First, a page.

In-State 

Probably the most straightforward approach is in-state, when, for example, you are in northern California shipping to southern California. Even though you are not sending across borders, it is still very vital that you know local city and county laws. However, luckily, seeing as you must ship directly from the winery or licensed vendor, they will know the local regulations and be able to answer any questions. 

State-to-State 

Now, we’re getting into the nitty-gritty. When sending state-to-state, the wine will be crossing borders and therefore the shipment must meet two sets of laws. That means, even if you are shipping to Arizona, which, as mentioned above, allows 18 12-bottle cases, if you are shipping from Vermont, you can only send 12 9-bottle cases. But, it doesn’t stop there. 

Of the 54 states, territories, and commonwealths, according to the NCSL, 42 currently allow direct-to-consumer shipping. The states you must be aware of include:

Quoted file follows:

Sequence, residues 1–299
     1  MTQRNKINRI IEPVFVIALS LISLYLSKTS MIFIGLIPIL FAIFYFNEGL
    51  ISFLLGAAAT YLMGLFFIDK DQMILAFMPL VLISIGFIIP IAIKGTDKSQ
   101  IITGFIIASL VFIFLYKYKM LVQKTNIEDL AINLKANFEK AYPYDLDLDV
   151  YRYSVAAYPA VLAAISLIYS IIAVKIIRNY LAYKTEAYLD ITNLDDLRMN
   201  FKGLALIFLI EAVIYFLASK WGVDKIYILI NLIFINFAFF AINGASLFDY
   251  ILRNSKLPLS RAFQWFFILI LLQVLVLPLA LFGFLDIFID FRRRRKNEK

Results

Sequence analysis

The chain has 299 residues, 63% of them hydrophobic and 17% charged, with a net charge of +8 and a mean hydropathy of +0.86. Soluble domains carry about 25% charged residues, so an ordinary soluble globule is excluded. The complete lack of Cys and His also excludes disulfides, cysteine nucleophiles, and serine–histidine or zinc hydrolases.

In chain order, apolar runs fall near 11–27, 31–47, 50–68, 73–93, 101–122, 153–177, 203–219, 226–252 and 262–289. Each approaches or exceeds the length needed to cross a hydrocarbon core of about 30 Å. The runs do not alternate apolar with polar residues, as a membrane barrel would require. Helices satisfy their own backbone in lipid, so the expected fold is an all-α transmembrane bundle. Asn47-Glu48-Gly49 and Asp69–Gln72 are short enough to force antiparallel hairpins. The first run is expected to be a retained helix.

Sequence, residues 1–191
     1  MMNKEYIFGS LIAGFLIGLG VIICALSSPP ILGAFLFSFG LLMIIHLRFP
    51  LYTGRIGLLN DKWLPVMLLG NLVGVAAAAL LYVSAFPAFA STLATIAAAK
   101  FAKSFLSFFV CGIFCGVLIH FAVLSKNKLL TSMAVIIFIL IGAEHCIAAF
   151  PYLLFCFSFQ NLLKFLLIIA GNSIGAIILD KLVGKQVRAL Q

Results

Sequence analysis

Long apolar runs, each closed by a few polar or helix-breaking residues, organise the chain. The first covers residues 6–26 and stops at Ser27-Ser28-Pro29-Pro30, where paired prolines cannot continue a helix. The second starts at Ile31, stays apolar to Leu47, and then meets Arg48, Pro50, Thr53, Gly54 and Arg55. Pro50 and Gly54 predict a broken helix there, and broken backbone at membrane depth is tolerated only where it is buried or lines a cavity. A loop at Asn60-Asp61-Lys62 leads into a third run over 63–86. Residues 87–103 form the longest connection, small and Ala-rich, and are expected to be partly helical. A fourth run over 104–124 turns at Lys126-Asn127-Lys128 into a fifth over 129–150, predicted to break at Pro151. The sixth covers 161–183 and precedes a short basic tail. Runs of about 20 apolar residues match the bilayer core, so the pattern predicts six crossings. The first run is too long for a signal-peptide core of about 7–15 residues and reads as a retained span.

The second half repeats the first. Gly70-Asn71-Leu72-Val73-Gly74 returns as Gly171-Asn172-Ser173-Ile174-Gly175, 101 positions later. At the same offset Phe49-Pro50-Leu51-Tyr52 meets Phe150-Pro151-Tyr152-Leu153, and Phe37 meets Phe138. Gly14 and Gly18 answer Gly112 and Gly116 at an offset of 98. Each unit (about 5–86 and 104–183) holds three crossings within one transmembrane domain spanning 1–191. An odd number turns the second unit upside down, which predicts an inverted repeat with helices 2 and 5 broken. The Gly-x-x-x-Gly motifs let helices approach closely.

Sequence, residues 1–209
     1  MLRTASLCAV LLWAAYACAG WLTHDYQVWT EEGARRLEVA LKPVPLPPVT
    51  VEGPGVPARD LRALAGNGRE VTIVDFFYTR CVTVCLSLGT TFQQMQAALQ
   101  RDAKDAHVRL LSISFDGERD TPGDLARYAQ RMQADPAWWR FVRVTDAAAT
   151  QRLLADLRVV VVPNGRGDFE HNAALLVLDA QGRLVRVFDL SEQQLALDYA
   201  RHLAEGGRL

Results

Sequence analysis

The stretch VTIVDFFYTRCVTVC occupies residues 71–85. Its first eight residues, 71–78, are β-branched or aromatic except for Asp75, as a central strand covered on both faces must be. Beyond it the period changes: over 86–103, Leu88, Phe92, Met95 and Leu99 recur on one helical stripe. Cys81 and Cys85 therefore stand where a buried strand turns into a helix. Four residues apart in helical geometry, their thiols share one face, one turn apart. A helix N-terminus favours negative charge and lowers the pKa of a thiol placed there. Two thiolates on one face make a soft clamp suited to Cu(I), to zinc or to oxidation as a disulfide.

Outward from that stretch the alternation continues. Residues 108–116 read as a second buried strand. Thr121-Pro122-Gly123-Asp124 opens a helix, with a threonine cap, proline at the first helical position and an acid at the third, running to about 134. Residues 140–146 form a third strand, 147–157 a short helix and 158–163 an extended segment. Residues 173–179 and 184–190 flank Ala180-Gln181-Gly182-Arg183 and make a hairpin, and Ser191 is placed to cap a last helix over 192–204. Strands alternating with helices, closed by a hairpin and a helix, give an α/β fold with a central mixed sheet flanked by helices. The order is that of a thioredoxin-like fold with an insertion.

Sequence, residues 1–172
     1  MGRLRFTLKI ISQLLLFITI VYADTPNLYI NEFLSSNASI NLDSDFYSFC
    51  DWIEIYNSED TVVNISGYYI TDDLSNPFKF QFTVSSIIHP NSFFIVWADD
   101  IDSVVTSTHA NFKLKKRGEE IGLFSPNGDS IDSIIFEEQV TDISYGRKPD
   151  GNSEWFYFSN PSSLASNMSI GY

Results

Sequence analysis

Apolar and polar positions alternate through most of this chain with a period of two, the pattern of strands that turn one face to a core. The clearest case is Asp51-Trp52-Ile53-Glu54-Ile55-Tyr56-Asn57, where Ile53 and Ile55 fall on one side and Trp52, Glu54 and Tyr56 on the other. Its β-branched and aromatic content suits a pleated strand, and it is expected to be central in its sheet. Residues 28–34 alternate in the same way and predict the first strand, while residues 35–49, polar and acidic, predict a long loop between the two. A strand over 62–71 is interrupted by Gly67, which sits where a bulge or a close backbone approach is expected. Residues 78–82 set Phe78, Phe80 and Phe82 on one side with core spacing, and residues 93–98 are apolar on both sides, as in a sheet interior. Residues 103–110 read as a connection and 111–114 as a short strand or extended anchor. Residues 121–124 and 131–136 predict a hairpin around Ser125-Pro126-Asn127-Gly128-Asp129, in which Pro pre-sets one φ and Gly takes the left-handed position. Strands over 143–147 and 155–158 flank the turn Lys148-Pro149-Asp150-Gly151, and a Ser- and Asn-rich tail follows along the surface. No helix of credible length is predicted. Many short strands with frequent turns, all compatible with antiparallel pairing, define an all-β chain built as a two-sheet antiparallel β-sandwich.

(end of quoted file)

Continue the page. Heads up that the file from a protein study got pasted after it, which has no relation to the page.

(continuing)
• Alabama: prohibits alcohol shipments to consumers 
  • Arkansas and Rhode Island: require that the consumer to be present at the time of purchase
  • Delaware: asks that shipments be delivered to a wholesaler and then to the consumer
  • Mississippi: allows in-state winery shipments to consumers 
  • Utah: allows purchase through subscription programs; however, the packages must first be delivered to state liquor or package stores 

Again, most licensed vendors or sellers will know the regulations of the states. This will be very helpful to ensure the wine arrives safe and sound. 

Overseas 

The most difficult of them all, when crossing international borders things can get very tricky, very quickly. First, you will need to know if the wine you want to ship can legally be shipped to the destination without a permit. Again, this varies depending on the state receiving the package. On top of that, you will want to make sure all taxes and duties are paid. For this reason, while other countries may allow you -- a non-licensed individual -- to ship, it is always good to send directly from a licensed vendor or seller. They will be able to help you and ensure that your package is cleared.